“Some people say they will not believe in anything they can't see. What a catastrophe to not have any faith at all! You live only less than a half of life…”
- C. JoyBell C.
All of us have some of those “Show me!” genes. Our demand for proof dooms us to boredom and fear, because what excites about living, what brings us hope, and what nurtures love within us exists in a realm beyond rationality. Admission is free; all it takes is faith.
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Here’s more of the opening quote, which we’ll expand on: “Some people say they will not believe in anything they can’t see. What a catastrophe to not have any faith at all! You live only less than a half of life, if you will only believe in the things that you can see. Life is lived by those who have much faith and believe in many unseen things. If you believe in nothing that you cannot see, think about how much there is that you choose to turn your face away from! You can't see your soul and you cannot prove that it exists, therefore if you call yourself one who believes in nothing unseen, then you will forever deny your soul its existence, for the existence of the soul dwells in love, trust, anger, passion, faith, belief, strength; the soul is forever nourished by things that are unseen! And so we have too many empty bodies walking around! Bodies with souls inside that are half-dead and dying.”
Remember when God was pronounced dead by German philosopher Friedrich Nietzsche? The term first appeared in his 1892 collection translated as The Science of Joy. He repeated the phrase in The Madman, explaining his meaning this way: “God is dead. God remains dead. And we have killed him. How shall we comfort ourselves, the murderers of all murderers? What was holiest and mightiest of all that the world has yet owned has bled to death under our knives: who will wipe this blood off us? What water is there for us to clean ourselves? What festivals of atonement, what sacred games shall we have to invent? Is not the greatness of this deed too great for us? Must we ourselves not become gods simply to appear worthy of it?” 1
This is what C. JoyBell C. was affirming when she wrote, “What a catastrophe to not have any faith at all!” A catastrophe, lived out personally in billions of lives and horribly revealed in the plundering of our human nest, a planet of once pristine beauty now soiled by our God aspiring ambition. Congratulations, we have fulfilled English poet John Milton’s 17th Century prophecy in Paradise Lost: “Better to reign in Hell, than serve in Heaven.” 2 We may question the existence of heaven but Hell is real; we created it!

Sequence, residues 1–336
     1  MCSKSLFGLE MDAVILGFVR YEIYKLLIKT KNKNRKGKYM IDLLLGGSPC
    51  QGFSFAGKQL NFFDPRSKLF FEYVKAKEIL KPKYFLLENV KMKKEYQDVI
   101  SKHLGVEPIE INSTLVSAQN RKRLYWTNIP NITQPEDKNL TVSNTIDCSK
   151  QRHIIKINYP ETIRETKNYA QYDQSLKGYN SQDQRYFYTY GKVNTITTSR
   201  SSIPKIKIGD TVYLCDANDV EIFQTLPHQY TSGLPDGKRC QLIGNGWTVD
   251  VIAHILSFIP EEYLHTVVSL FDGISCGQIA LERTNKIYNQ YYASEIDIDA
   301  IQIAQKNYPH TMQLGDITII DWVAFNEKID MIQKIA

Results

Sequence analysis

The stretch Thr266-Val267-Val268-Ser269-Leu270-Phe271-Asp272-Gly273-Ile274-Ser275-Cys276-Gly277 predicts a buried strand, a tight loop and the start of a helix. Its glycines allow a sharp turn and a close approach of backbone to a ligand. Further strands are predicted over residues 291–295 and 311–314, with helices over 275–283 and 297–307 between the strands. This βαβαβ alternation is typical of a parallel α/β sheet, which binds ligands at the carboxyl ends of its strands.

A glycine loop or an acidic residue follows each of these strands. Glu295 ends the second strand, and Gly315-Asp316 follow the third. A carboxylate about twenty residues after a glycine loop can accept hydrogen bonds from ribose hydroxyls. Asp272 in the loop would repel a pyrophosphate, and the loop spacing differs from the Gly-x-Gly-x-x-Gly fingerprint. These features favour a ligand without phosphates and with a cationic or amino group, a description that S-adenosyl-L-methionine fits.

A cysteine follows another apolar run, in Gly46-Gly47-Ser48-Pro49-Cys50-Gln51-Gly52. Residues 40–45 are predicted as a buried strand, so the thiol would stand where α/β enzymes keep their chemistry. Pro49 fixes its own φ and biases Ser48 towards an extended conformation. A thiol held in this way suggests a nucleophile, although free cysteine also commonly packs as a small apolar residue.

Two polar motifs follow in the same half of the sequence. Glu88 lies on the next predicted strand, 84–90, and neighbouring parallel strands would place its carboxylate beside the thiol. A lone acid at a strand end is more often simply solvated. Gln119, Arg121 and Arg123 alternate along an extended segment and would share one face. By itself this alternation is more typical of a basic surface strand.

It was quite a trick. The clever pretense concerns God with a big G. The reality is more personal. JoyBell wrote, “You can’t see your soul and you cannot prove that it exists…” Here’s the real tragedy, that we would have denied our own divinity, the innate meaning and value of “it,” and “I” and, instead, feverishly labored to produce proof of what we’ve ignored (but, authored by ourselves). No remedy will be found through further striving. What’s called for is a returning to ancient familiarity, what JoyBell describes this way: “…the existence of the soul dwells in love, trust, anger, passion, faith, belief, strength…”
There is nothing to prevent us from that experience, from the remembrance of ourselves and the resurrection of the original God, that One that originates in me and you and you and all living things in every eternal moment. This is not some Grand Being that exists (or doesn’t exist) separate from us in theory, vulnerable to demands for proof. This soul truth is remembered from our dreaming in the Garden of our real birth. Remember?
The memories are there, even if many of us must return to childhood and a sunny day by a stream in the woods, or hear again the kind words of a friend consoling us on a loss that had ripped us open so we could hear and receive a blessing, heart to heart, soul to soul. JoyBell wrote, “…we have too many empty bodies walking around! Bodies with souls inside that are half-dead and dying.”
That’s inevitable and immune to healing until one moment, just one moment is all we need, when the arrogance of “seeing is believing” gives way to the magic of “believing is seeing.” Those two doors beckon and we choose which one to open, not as an interesting idea while you are reading these words but as the opportunity of every moment, consciously choosing heaven over hell and reversing Milton’s glum pronouncement. No, we say: “It is better to create Heaven with faith, than to create Hell with cynicism.”
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1. Friedrich Nietzsche, from The Gay Science, Section 125, tr. Walter Kaufmann
2. John Milton, from Paradise Lost, lines 258 - 263